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Chapter 31 : Amylase, an Evolutionarily Conserved Enzyme

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Abstract:

Plants use energy from sunlight to power the synthesis of glucose, which they can use immediately or store as starch, a polymer of glucose. When plants need the energy stored in starch (for example, when a seed germinates), plant enzymes hydrolyze the starch into sugars. Animals use starch for energy, too, but instead of making it, they get it by eating plants. Two enzymes that hydrolyze starch are amylase and amyloglucosidase. The introduction to the student activity includes a description of the brewing process, which involves amylase action. The student activity also notes that humans have a salivary amylase and a pancreatic amylase, which are encoded by different, though similar, genes. In this activity, students are asked to test dog saliva for amylase. In the last chapter of this section, students learn how to use the online bioinformatics resources, which include programs for searching the recent biomedical literature.

Citation: Kreuzer H, Massey A. 2008. Amylase, an Evolutionarily Conserved Enzyme, p 440-448. In Molecular Biology and Biotechnology: A Guide for Teachers, Third Edition. ASM Press, Washington, DC. doi: 10.1128/9781555816100.ch31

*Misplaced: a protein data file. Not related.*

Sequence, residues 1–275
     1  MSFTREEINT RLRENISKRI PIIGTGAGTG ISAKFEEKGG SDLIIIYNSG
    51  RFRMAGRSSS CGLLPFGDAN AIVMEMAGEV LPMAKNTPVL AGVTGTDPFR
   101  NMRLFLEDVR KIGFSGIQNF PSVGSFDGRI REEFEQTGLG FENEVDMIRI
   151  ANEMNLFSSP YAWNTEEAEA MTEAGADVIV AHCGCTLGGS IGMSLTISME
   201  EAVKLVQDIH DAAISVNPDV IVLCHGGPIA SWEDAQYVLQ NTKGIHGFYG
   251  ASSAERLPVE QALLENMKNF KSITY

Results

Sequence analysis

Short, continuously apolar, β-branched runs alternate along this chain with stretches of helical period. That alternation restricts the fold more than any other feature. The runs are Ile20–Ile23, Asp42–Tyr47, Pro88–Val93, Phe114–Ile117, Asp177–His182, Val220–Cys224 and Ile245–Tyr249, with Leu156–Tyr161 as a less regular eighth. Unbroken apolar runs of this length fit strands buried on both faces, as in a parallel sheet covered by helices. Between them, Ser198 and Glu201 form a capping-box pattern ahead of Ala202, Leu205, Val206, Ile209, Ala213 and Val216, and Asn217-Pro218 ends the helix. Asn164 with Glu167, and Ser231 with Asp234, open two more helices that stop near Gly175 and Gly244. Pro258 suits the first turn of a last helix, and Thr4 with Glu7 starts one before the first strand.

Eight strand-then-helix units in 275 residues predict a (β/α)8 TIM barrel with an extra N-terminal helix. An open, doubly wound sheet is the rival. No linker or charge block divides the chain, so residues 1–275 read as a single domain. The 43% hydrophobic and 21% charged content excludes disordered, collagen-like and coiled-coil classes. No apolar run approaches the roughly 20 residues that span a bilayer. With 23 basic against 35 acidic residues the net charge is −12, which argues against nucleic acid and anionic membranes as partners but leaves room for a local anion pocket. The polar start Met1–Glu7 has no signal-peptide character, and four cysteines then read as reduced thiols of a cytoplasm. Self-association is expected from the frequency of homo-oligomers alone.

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Figures

Image of Figure 31.1
Figure 31.1

(A) The sugar glucose. The corners of the hexagon are carbon atoms. (B) Starch. Starch is a polymer of glucose. In this representation, only the hexagons and the linking oxygen atoms are shown. (C) Hydrolysis of starch. When starch is hydrolyzed, a water molecule splits the bond linking two glucose residues. Complete hydrolysis of starch yields glucose.

Citation: Kreuzer H, Massey A. 2008. Amylase, an Evolutionarily Conserved Enzyme, p 440-448. In Molecular Biology and Biotechnology: A Guide for Teachers, Third Edition. ASM Press, Washington, DC. doi: 10.1128/9781555816100.ch31
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Image of Figure 31.2
Figure 31.2

The starch-iodine complex. A stylized sketch of the helical starch molecule is shown on the left. On the right, two molecules of iodine (I, represented by the dumbbell shapes) nestle inside the helix. Six turns of the helix are required to produce a blue color.

Citation: Kreuzer H, Massey A. 2008. Amylase, an Evolutionarily Conserved Enzyme, p 440-448. In Molecular Biology and Biotechnology: A Guide for Teachers, Third Edition. ASM Press, Washington, DC. doi: 10.1128/9781555816100.ch31
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Download as Powerpoint

References

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Tables

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Table 31.1

Industrial uses of amylase

Citation: Kreuzer H, Massey A. 2008. Amylase, an Evolutionarily Conserved Enzyme, p 440-448. In Molecular Biology and Biotechnology: A Guide for Teachers, Third Edition. ASM Press, Washington, DC. doi: 10.1128/9781555816100.ch31

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